May 2009

Tue 19th: A tale of two diagonals

Tue 19th: A tale of two diagonals
Or "Black against Bill".

Last Stoke league game of the season, Cheddleton A away. For the fifth time in 13 months RR has black against Bill Armstrong - no whites against him in that time. No two of the five games were the same after 3 moves, so I guess I'm giving no opening secrets away if I give the complete score. Usually we end up transposing into nothing in particular!
1 d4 Nf6, 2 Nf3 e6, 3 e3 b6, 4 g3 Be7, 5 Bg2 Ba6
Bill Armstrong v RR after 5 ... Ba6
Are we out of your book yet? I confess that Bb7 is more me, and probably more sensible, but I decided to have a game with tension down adjacent white diagonals. I've got to worry about the long diagonal, whilst Bill can't simply play c4, Nc3 with a decent centre.
6 Nbd2 0-0
7 b3 Nd5 More direct play against the centre would be the standard plan
8 c4 Nb4
9 Nb1 Clearly the knight must move. Ne4 encourages d5. Does this matter?
9 ... d5 Playing d5 anyway
10 a3 N4c6
11 Nbd2 Na5
12 Rb1 dxc4
13 b4 Hmmm. My c7 pawn could be a problem. On the other hand Bill is yet to castle so can't gang up on it too easily.
Bill Armstrong v RR after 13 b4
13 ... c3
14 bxa6 cxd2+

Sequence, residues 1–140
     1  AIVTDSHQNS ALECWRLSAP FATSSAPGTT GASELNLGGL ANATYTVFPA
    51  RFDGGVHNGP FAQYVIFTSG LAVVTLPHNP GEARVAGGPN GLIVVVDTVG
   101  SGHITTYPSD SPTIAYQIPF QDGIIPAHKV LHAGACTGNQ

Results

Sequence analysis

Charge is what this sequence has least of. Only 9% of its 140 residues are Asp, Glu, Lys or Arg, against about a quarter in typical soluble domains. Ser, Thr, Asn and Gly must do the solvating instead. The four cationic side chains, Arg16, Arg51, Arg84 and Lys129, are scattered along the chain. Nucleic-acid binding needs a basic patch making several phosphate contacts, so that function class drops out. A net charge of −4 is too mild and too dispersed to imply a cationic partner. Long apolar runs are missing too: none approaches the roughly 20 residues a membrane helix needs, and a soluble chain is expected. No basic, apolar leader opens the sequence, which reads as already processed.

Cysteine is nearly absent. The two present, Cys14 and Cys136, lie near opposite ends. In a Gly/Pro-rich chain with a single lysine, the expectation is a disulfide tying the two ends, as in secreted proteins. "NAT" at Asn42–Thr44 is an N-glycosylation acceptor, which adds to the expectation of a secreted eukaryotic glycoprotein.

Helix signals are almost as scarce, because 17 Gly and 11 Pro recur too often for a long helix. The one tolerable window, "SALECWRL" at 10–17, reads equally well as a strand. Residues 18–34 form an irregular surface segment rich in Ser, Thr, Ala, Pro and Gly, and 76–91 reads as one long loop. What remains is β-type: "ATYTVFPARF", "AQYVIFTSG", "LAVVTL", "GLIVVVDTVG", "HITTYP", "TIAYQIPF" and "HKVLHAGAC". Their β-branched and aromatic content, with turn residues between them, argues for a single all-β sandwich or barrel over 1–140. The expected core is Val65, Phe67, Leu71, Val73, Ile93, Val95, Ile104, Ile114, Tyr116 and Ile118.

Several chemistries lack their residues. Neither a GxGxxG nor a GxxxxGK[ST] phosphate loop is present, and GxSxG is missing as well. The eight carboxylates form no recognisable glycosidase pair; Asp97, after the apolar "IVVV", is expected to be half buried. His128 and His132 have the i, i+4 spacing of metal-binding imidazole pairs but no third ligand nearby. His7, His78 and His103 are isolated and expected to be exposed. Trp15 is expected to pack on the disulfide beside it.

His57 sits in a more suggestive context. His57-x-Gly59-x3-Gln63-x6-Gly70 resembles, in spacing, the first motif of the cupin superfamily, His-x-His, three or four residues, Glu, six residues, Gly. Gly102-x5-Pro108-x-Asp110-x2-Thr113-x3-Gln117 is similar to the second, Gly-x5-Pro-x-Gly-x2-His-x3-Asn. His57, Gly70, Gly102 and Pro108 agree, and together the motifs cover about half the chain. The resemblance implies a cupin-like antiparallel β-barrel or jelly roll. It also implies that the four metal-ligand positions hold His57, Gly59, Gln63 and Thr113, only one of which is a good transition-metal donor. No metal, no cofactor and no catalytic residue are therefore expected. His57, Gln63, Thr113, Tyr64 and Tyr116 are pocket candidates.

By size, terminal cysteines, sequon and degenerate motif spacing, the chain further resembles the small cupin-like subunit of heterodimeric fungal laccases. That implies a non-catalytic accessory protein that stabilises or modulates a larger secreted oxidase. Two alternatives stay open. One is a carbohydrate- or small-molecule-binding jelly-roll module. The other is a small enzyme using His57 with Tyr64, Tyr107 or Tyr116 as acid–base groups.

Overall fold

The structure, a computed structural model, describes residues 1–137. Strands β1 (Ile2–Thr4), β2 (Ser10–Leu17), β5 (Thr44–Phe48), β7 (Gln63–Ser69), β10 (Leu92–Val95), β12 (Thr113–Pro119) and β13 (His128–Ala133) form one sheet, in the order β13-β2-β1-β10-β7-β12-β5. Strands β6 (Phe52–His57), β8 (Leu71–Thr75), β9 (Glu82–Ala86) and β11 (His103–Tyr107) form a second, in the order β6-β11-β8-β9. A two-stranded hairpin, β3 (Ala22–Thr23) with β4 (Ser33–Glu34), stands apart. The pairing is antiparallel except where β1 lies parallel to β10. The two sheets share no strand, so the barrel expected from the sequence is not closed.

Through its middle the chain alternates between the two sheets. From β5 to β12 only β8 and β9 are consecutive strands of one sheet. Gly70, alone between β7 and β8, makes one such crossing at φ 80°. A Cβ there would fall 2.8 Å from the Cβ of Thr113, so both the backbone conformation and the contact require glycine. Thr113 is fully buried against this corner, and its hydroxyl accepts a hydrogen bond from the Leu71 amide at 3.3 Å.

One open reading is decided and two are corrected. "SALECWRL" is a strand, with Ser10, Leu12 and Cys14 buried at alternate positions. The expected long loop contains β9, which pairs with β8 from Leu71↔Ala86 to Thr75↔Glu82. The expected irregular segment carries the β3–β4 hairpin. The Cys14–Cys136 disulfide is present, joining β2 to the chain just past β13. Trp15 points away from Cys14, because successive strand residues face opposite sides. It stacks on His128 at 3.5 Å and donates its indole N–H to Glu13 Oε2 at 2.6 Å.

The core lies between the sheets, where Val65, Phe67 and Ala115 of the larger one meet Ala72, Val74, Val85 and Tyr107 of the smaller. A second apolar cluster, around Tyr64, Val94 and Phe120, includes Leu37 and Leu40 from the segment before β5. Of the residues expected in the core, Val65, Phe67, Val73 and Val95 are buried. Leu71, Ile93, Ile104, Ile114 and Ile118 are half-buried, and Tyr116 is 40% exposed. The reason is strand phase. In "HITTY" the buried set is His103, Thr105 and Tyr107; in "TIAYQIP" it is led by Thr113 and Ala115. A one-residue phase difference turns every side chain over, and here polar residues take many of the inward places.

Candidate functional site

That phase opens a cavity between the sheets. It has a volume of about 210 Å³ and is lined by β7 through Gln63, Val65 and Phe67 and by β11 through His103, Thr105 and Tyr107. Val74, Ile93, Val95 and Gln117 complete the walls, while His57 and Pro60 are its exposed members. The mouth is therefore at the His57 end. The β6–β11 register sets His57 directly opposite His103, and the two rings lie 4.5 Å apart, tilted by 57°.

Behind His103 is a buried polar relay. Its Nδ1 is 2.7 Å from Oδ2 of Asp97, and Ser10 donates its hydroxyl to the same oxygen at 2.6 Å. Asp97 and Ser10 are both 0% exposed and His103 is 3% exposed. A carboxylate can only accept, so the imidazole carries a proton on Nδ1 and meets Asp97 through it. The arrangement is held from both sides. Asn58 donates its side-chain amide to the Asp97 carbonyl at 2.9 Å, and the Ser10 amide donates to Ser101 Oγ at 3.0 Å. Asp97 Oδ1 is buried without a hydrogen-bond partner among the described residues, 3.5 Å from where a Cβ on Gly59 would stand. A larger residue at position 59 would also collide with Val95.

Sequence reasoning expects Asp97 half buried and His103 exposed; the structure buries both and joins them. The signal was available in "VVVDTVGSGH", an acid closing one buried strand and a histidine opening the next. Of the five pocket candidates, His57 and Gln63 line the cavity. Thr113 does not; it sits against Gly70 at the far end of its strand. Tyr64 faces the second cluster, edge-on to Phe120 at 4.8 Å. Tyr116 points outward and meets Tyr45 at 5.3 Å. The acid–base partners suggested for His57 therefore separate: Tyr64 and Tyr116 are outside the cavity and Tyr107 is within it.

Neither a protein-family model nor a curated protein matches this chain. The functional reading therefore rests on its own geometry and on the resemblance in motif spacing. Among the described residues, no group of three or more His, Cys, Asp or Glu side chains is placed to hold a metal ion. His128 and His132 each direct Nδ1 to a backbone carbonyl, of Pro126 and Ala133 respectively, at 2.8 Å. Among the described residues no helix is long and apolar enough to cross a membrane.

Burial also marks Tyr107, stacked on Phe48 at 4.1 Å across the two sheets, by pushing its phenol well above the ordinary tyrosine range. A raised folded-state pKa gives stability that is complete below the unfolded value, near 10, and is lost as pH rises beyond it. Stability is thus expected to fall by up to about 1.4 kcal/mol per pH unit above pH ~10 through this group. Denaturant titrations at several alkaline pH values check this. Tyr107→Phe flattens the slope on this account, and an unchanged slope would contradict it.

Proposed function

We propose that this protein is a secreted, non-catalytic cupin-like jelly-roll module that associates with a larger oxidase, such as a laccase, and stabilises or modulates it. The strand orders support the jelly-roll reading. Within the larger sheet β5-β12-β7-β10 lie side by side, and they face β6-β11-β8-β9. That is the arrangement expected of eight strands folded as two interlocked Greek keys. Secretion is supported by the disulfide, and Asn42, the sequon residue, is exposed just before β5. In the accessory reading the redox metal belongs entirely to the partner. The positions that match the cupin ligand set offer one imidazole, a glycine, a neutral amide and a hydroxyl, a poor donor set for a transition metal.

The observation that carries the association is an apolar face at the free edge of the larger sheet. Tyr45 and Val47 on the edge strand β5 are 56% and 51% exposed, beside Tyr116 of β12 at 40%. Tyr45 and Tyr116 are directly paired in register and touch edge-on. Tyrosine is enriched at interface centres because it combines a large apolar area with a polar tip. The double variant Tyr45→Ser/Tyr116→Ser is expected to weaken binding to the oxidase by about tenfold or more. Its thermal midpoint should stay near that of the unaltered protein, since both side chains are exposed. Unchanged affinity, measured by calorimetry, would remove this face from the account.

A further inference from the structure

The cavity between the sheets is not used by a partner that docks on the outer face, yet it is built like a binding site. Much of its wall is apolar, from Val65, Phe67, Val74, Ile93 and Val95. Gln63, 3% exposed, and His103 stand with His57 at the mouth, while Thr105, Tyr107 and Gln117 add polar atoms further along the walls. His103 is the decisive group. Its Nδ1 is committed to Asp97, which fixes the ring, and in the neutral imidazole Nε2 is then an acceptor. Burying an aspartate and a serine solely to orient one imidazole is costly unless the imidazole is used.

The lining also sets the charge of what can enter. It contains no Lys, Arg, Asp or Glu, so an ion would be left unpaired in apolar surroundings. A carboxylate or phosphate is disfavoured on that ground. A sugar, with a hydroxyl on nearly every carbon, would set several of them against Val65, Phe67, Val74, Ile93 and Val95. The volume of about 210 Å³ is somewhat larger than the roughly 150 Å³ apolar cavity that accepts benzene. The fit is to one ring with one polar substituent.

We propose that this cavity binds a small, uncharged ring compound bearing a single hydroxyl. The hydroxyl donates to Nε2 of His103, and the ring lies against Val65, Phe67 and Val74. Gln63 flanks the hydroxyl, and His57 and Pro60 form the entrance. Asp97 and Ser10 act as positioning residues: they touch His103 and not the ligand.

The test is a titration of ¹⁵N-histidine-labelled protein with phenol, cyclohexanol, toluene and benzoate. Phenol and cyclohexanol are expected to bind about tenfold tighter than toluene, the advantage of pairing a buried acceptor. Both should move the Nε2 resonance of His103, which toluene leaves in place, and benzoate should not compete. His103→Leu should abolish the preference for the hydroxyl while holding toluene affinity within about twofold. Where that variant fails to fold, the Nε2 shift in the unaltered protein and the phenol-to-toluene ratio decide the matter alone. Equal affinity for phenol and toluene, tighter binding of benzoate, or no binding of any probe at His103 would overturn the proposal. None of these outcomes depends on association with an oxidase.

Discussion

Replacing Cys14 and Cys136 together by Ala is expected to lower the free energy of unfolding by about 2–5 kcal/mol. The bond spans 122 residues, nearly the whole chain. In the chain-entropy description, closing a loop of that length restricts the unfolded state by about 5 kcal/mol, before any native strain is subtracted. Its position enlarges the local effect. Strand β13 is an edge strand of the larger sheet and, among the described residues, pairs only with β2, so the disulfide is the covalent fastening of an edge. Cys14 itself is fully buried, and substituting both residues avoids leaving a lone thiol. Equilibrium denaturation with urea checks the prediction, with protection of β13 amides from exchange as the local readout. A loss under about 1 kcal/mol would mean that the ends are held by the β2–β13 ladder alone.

15 Nxd2 c6
16 Qc2 Nd7 Refusing to believe that my c-pawn can safely be captured.
17 Bb2 Rc8
18 Qc3 Bf6 Unnecessary attempt to halt the d pawn advance. In fact with white still uncastled c5 opening things up looks saner. RR is guilty of being distracted by the attraction of a subsequent Nc5 and Nd3+, but hoping to be allowed to play them is a little greedy.
19 axb6 axb6
20 Ne4 End of my chances of playing Nc5
20 ... c5 Returning to a proper plan
21 Nxf6 Nxf6
22 Qd2 Nd7 It soon becomes apparent that RR cannot work out the best thing to do with his knight. cxd4, Bxd4 not attractive, whilst c4 not only relieves the tension in the centre but blocks 'my' diagonal.
23 f4 starting a 'slow castling' manoeuvre
23 ... Qe7
24 Kf2 Rfd8
25 Rhd1 Nf6
26 Kg1 Ne8 with vague ideas of visiting d6 and c4
27 Qe1 RR has been struggling with his knight, but Bill has had his own problems with his queen.
27 ... Bd3
28 Ra1 c4 A passed pawn!
29 Bf1 Bxf1
30 Qxf1 Nxd6
31 Qf3 f5
32 Bc3 Ne4 Fill that hole!
33 Bb4 Qd7
34 a4 c3
35 Qe2 Qd5
36 Ra3 Rc4
37 Be7 Rdc8 Obvious, yet going to a8, possibly via e8, could be even better.
38 Rb3 Rxa4
39 Rb5 Qb7 Guilty of a reflex action here (hit the bishop). Qa8 confirms control of the a file, whilst Ra2 would either have established a rook on the seventh or if met with Rc2 be folowed by Ra1+.
40 Bb4 Qa6
Bill Armstrong v RR final position
At this point Bill's flag fell, though his position is beginning to fall apart. Already a pawn down, and with my knight clearly superior to his bishop, he needs to answer the immediate threat of Rxb4. Hence we might see
41 Rc2 Ra1+, 42 Kg2 when Rb1 threatening Rb2 (even if white plays Ra2) is clearly good.

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